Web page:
A Look at A Half Full Glass
Anticipation of QEII in the US remains among the most potent forces in the capital markets. Bernanke’s pre-weekend speech and two dovish speeches since–Evans and Rosengren (both voting members of the FOMC). The case the Fed has built for the public is based on inflation being too low and clearly officials are concerned about the contraction in bank credit too.
Yet there are beginning to be signs that these forces may be ebbing, perhaps in part because of the Fed’s signalling effect. Although it may have been lost in the shuffle, a more balanced view would note that the trimmed mean CPI calculation of the Dallas Fed has risen for three consecutive months. Bank credit appears to have stopped contracted. Money supply, measured by M2 has accelerated recently. The St. Louis Fed’s money multiplier has has edged up.
Retail sales in the US has picked up after a soft patch earlier in the summer. The Aug-Sept increase was 1.3% vs 0.2% in the June-July period. The National Retail Federation forecasts the strongest holiday sales in the US in four years.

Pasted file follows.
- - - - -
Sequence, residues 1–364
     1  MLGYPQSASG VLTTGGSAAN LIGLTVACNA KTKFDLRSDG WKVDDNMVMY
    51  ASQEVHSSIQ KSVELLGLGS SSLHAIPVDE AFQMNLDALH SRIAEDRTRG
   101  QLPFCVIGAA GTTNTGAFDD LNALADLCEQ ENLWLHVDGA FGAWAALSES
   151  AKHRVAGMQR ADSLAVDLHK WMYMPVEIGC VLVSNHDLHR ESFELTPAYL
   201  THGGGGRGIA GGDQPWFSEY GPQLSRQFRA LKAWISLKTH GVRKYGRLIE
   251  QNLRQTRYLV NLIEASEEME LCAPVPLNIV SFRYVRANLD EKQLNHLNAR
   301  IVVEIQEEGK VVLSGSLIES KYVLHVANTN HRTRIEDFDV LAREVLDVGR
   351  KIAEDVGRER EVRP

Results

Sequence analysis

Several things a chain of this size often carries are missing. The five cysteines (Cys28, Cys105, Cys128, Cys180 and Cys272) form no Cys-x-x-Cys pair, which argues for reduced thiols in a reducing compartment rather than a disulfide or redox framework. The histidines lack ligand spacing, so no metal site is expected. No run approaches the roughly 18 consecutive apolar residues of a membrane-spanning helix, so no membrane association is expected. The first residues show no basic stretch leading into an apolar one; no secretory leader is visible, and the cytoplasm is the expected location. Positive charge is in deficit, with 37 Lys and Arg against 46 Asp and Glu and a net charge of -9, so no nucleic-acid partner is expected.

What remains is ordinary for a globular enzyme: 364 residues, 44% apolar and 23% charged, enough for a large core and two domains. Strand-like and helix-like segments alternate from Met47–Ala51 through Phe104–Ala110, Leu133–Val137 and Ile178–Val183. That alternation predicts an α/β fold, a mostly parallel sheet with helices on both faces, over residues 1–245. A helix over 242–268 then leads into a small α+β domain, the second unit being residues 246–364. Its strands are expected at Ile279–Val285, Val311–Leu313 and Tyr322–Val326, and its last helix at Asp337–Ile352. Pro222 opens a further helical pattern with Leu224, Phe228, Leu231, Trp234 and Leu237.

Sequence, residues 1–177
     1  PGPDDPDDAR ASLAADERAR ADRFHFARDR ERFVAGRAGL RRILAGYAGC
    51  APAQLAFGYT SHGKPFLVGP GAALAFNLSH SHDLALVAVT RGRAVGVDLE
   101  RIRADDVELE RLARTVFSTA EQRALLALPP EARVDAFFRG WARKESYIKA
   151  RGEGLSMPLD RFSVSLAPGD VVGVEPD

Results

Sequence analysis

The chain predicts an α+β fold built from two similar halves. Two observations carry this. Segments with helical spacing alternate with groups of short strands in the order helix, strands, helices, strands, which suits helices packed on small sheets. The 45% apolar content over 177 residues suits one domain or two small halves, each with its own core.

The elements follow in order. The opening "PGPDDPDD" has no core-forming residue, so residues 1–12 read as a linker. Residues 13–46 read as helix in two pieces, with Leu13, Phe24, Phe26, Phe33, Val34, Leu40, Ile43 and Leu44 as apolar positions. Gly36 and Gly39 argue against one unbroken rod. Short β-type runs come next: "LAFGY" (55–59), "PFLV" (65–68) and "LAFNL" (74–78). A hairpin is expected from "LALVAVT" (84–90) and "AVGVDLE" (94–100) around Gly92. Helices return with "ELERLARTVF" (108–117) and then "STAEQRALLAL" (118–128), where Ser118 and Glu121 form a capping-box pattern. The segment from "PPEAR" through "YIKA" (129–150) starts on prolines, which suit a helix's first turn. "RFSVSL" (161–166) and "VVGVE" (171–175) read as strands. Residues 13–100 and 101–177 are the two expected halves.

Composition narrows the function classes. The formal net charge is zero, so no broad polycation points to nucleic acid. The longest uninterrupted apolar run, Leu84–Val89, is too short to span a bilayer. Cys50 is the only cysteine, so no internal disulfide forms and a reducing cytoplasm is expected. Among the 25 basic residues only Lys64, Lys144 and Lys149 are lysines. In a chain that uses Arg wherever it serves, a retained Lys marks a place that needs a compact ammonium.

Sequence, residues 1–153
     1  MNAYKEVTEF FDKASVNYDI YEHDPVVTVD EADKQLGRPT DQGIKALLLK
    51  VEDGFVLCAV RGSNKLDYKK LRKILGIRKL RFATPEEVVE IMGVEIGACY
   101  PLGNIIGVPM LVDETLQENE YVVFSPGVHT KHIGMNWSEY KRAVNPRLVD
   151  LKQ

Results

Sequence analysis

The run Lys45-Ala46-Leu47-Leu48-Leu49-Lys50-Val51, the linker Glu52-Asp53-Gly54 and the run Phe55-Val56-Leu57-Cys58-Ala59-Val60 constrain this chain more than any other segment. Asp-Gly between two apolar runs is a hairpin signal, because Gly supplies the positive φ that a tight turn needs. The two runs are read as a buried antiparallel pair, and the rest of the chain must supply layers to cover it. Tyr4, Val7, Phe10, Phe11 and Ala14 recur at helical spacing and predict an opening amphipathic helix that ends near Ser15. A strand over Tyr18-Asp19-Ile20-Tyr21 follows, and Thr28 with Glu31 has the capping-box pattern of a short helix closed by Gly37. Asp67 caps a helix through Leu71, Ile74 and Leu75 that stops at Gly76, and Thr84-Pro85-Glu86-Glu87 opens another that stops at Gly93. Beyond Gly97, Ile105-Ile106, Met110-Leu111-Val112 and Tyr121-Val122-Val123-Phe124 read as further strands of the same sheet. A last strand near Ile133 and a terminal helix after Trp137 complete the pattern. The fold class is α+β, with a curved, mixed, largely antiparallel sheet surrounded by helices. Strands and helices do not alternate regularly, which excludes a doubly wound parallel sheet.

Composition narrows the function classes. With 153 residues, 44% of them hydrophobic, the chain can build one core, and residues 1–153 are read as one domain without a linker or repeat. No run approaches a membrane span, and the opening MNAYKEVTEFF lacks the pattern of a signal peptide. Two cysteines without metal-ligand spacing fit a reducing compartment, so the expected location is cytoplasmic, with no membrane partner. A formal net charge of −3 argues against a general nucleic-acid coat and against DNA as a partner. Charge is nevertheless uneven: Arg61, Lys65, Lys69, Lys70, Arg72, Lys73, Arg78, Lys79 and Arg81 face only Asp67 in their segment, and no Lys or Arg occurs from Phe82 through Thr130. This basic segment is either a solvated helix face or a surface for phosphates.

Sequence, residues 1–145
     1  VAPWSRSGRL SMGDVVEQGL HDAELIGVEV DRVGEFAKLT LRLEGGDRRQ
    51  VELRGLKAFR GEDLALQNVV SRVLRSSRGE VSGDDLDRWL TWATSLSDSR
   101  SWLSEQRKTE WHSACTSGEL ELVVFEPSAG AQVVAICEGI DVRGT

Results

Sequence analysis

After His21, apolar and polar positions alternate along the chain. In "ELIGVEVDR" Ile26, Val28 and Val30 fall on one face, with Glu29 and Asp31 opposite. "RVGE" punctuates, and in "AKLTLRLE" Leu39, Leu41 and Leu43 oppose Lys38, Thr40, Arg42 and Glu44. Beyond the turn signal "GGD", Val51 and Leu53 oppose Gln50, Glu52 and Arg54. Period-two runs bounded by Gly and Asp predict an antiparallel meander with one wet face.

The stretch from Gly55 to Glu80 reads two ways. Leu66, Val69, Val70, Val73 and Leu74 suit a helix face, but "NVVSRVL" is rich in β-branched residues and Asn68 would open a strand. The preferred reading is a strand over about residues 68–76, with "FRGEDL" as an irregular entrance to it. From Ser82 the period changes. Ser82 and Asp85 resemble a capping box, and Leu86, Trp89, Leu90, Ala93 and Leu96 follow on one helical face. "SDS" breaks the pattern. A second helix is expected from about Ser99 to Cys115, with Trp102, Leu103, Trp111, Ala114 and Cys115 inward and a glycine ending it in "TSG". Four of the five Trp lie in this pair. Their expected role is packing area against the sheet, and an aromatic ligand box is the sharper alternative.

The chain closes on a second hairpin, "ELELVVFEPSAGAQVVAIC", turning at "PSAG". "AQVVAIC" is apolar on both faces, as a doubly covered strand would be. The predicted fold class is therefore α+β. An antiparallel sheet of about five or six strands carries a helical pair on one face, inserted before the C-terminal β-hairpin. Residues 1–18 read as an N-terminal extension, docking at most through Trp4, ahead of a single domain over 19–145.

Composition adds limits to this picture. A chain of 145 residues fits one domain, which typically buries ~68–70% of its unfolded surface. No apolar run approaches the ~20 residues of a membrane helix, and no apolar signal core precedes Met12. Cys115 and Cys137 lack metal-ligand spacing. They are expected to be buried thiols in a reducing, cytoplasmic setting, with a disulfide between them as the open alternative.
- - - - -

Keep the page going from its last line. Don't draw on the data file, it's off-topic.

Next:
This is not to deny the worrisome challenges the US faces. However, the risk of a double dip in the economy appears to have ebbed in recent months and some of the financial variables also seem to have improved on the margins of late.
With QEII so heavily discounted, largely as a result of the Fed’s own guidance, it is as if the Fed has a free pass: If they execute QEII, and the preliminary signs noted here deepen and broaden, they will take (be given credit) for the recovery. If they execute QEII and conditions worsen, they can argue they did what they could. The biggest risk is doing nothing and conditions get worse. Policy makers want to minimize what they perceive to be biggest regret.